Finding a job isnt a game of percentages. Or atleast finding the right job isnt (imho). Find the 2-3 jobs you really want and spend the time to make the recruiter believe you could actually sell for their company one day.


I found out about my current employer (Monetate) through a HN "Who's Hiring" post, and we've hired several other developers who first heard about us here. I agree with OP that HN readers have a reputation for quality, and I'm surprised that he's seeing so many low-effort responses. I've seen several employers set up "nerd hurdles" that require potential applicants to do something that takes a modicum of effort (and talent) before they can apply -- e.g. coding challenges. Maybe that can help weed out less-serious applicants.


> "I agree with OP that HN readers have a reputation for quality, and I'm surprised that he's seeing so many low-effort responses."

This shouldn't be that surprising - if indeed you're looking at a pool of highly qualified people you should expect to see less effort in applications.

There's a line to be drawn at being professional, but if the individual is experiencing extreme demand for his/her services, do not expect them to sell you that hard.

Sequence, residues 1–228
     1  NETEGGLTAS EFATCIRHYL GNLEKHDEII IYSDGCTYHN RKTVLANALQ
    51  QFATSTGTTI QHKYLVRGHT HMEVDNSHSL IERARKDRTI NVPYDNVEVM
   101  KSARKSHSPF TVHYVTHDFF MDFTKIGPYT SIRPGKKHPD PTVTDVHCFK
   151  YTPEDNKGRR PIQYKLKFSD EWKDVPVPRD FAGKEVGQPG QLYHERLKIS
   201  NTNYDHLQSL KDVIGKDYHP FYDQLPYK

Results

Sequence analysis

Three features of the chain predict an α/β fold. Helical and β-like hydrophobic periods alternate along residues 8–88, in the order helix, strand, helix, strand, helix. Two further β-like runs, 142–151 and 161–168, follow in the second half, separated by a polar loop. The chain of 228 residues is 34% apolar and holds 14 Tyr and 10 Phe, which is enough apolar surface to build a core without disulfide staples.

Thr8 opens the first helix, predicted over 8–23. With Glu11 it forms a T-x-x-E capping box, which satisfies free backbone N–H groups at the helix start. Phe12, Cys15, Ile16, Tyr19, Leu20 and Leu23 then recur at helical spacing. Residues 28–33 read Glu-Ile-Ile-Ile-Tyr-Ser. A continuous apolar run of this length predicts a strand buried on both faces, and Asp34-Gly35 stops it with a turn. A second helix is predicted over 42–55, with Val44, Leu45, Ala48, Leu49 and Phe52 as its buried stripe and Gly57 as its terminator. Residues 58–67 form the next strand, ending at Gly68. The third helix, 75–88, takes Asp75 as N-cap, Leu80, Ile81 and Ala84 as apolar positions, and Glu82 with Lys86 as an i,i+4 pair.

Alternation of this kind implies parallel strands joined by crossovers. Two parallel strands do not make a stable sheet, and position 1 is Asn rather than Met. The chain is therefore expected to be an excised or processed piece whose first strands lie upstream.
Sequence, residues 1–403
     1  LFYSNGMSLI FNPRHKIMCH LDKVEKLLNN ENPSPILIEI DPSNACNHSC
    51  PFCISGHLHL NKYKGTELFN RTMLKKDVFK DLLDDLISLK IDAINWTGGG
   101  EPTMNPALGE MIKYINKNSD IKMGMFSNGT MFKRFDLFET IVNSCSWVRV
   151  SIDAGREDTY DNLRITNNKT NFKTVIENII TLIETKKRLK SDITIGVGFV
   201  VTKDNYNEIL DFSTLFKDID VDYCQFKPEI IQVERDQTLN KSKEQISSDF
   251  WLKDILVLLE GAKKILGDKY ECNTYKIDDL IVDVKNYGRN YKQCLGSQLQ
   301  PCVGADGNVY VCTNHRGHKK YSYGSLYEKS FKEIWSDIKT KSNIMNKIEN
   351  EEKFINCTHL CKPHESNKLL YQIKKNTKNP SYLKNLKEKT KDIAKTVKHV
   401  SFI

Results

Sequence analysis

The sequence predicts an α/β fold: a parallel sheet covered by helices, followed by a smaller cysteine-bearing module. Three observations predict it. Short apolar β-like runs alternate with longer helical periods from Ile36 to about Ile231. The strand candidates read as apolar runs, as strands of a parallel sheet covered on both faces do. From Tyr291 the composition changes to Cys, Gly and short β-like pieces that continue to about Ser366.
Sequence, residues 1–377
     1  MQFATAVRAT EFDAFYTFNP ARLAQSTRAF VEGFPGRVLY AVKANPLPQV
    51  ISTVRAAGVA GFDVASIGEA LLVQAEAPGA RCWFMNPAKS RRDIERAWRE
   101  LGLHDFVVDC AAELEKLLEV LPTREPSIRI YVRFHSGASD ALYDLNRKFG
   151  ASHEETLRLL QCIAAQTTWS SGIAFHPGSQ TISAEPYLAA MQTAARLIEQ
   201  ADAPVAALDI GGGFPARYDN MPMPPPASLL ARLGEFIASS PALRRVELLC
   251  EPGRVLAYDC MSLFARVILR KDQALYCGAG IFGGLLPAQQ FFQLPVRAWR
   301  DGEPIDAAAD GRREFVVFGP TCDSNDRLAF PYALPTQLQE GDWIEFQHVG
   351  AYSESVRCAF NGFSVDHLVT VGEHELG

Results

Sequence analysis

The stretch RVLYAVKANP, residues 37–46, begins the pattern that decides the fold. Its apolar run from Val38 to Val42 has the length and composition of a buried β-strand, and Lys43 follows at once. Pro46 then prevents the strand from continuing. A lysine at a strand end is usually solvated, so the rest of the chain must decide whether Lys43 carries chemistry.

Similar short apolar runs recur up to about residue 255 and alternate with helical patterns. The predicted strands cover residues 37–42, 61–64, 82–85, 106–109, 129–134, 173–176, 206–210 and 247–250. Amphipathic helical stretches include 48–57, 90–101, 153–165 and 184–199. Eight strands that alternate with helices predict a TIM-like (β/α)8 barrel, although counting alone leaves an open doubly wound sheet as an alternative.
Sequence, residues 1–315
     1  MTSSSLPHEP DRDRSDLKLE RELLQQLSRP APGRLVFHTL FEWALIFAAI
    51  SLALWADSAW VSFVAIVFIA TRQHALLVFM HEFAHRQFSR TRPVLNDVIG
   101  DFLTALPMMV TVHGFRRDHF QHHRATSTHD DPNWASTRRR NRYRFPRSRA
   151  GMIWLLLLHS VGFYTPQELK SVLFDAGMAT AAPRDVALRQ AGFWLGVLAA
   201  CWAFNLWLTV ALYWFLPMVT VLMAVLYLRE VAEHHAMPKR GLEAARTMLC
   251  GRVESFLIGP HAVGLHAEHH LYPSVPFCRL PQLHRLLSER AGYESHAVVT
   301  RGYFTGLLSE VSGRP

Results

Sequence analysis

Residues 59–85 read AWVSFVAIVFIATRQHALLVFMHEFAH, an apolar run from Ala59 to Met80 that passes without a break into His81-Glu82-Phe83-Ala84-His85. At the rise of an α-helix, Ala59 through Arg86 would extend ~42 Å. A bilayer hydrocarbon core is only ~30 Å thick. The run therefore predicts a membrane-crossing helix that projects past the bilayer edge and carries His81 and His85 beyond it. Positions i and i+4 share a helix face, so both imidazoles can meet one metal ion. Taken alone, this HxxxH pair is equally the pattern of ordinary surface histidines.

> "I've seen several employers set up "nerd hurdles" that require potential applicants to do something that takes a modicum of effort (and talent) before they can apply -- e.g. coding challenges"

I'd be careful about this. I've done some of these when they tickled my fancy, and I've done them when I was impressed by the company enough that I actively wanted to work for them.

Almost everyone in the HN Who's Hiring posts are not in the above category. I'm sure you're working on cool stuff, but one paragraph is not enough to get me to salivate at your position, and not enough for me to invest a considerable amount of time.

If you want applicants to put in more effort, consider marketing yourself as someone worth said effort. It is most certainly not a buyer's market right now (not in the HN crowd anyways). Most Who's Hiring posts don't even include anything meaningful about the employer.

"We're in SF and looking for a Rails guy" is not a very compelling sell.


Your advice is basically common sense. I would find it hard to believe that you are actually reaching anyone here, though. :( If you're the type of person to send out the "meh" emails, are you really likely to be the type of person that reads this kind of post and says "AHA! I shouldn't do that?"


Where does one draw the line? How is one guaranteed on the ROI of drafting a good response.. I used to go the extra mile, spend time writing a good cover letter, personalizing my resume for the job and most of the time I did not even get a response.